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  1. #11
    Quote Originally Posted by Robin Hewitt View Post
    If you are using opto couplers then your signal is current not voltage dependant and you are effectively proof against electrical interference.

    If it isn't working you are barking up the wrong tree if you think screening and more volts is going to help.
    Guess I didn't pay too much attention to the cabling, screening etc. Fact is that I get faulty signals from endstops if I run them at 5V without opto. Now I changed that to 24V proximity sensors and an opto near the BOB to ground the input pin. Now that's working.

    So the stepper drivers 5V opto inputs Enable/Pulse/Direction. Those are wired single ended with common anode.
    Just figured to go all in and use Line drivers where I can, and make it as stable a possible.

    The MAX490 chip looks perfect, if I read the specs. right. Then it can drive an opto directly (20mA) ?

    Thanks again, Bo Andersen.

  2. How far from ESS to drivers? Unless it's more than a metre or so this sounds more like a ground loop issue than induced noise. Not convinced you're addressing the right problem.

  3. #13
    Quote Originally Posted by irving2008 View Post
    How far from ESS to drivers? Unless it's more than a metre or so this sounds more like a ground loop issue than induced noise. Not convinced you're addressing the right problem.
    Thank you for your reply.
    From the ESS to the BOB, i would say <75cm, and from the BOB to the driver <50cm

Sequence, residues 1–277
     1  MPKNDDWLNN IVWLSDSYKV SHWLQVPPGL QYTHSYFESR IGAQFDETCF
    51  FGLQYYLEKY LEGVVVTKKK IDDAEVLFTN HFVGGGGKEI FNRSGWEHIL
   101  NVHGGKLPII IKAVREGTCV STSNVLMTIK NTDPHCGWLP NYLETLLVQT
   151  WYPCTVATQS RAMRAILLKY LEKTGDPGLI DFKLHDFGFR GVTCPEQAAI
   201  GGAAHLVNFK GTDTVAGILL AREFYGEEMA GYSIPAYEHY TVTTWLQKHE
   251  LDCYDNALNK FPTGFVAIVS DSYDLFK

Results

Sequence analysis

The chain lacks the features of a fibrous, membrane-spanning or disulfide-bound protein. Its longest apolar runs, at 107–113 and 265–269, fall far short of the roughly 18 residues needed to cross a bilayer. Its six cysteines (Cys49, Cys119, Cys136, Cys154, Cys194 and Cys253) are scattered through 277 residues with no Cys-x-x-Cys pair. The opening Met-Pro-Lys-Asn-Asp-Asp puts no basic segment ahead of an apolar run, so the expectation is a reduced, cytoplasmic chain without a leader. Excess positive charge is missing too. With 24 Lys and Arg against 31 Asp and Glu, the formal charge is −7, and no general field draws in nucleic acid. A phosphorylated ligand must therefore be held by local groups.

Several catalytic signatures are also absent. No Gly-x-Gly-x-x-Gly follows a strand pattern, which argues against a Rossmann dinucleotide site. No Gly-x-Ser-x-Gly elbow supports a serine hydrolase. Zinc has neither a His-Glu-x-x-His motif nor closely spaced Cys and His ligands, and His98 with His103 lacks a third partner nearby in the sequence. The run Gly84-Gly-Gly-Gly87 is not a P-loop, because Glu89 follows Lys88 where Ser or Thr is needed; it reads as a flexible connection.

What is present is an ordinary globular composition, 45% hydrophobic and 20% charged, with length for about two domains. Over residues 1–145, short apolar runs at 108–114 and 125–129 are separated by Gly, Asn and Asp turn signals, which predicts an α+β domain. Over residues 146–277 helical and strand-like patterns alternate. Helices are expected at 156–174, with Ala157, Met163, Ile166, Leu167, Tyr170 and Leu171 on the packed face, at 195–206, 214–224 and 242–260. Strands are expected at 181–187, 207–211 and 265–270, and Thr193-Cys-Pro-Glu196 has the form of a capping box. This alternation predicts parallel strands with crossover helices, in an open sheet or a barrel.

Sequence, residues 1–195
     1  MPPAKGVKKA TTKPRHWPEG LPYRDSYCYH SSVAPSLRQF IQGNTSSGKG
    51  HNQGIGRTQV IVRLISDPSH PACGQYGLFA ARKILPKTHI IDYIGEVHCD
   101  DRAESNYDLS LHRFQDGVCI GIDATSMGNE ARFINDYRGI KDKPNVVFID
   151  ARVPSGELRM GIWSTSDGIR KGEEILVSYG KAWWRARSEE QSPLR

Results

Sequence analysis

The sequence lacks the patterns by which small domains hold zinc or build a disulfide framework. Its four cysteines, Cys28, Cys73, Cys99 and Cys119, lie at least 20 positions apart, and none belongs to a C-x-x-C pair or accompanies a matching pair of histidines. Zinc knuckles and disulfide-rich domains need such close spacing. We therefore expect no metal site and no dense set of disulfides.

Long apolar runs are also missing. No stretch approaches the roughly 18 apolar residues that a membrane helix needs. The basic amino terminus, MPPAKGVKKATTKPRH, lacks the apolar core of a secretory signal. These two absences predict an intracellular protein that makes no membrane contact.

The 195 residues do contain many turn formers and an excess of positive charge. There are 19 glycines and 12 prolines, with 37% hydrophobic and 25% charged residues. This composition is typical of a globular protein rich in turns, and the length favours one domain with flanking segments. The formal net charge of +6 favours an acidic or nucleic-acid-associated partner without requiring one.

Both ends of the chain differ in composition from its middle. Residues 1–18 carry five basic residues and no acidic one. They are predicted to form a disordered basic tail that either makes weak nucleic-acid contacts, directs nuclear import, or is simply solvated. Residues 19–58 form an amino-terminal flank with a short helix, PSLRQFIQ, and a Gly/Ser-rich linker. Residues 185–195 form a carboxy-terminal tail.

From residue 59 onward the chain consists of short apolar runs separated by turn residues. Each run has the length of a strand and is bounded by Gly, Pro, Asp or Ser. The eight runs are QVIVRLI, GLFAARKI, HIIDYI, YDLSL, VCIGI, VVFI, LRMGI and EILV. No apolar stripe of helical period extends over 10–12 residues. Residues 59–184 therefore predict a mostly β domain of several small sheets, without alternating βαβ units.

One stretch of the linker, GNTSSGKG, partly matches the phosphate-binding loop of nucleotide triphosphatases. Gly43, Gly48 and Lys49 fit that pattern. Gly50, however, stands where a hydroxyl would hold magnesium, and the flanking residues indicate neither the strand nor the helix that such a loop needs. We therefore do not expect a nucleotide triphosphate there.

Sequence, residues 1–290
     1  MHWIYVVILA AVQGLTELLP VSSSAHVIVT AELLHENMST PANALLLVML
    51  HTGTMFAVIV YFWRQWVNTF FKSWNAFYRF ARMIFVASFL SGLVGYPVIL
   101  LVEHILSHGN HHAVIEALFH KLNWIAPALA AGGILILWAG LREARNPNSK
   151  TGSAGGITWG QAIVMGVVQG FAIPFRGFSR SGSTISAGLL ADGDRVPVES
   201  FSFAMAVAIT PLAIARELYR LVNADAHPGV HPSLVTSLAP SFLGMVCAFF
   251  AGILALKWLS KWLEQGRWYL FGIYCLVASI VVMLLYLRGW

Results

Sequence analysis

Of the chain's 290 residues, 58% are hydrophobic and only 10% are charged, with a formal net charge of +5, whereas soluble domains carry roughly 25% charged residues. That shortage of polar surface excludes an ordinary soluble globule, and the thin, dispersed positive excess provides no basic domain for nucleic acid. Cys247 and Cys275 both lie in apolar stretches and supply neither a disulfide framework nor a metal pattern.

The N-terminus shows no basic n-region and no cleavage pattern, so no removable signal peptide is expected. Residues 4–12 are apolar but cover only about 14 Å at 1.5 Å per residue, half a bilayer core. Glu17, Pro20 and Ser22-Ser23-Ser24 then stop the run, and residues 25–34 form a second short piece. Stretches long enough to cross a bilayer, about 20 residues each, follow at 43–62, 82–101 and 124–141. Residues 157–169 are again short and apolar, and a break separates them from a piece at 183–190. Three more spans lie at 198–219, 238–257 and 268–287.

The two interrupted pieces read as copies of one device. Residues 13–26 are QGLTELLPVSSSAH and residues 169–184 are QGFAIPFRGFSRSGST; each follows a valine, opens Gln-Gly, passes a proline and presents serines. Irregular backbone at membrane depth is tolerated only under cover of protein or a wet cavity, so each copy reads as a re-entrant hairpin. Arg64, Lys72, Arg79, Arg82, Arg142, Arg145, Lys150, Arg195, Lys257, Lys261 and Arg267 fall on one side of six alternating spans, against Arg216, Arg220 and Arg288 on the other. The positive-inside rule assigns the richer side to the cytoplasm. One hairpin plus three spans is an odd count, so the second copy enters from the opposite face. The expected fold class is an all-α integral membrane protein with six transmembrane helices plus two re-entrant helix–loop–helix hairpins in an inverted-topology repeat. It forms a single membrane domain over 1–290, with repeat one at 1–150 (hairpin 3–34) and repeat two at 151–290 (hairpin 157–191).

So the ESS drives the Opto-LED on the BOB, which again drives the Opto-LED in the drivers. (This is coming from converting, from Par-Port, to the ESS)
    Not sure if I can skip the BOB, and use the ESS directly to the Driver Opto-LED. But for convenience I kept them......

    When you say "Ground-Loop" is that from the PE (Earth symbol) so all units PSU's, PC, VFD etc. to be grounded.
    All the 0V pins on all PSU's: PC-PSU, 5-12-24-48V to have a common 0V
    Right now all the PSU's are running without common 0V.

    Best Regards, Bo Andersen.

  4. It is very easy to forget that as soon as you add a metal enclosure you are not just wiring electrically, you are also wiring inductively.
    Do you remember the old trigger operated soldering irons? They had transformer with lots of turns on one side and about 2 or 3 turns on the other shorted out by a thermocouple. The thermocouple received hardly any volts but massive current causing it to reach solder melting temperatures in a second or two and then miraculously stop on account of the fact that it was a thermo couple :)
    Anyway the point is, you don't need a lot of turns to make a transformer, one will do. The easiest way to make a single turn transformer coil (earth loop) is to drill a hole in a piece of metal then put a wire through it. Pass an alternating current through that wire and current will start to flow around the rim of hole. Drill another hole nearby with another wire through it and you have a circuit. No nearby hole and it will merely start to warm up.
    If you want to put wires through a metal plate I would suggest you knock one ruddy great hole, fill it with a Tufnol sheet then drill holes through that.
    If you make sure that everything going in or out goes through the same hole it will all cancel out. Simples.

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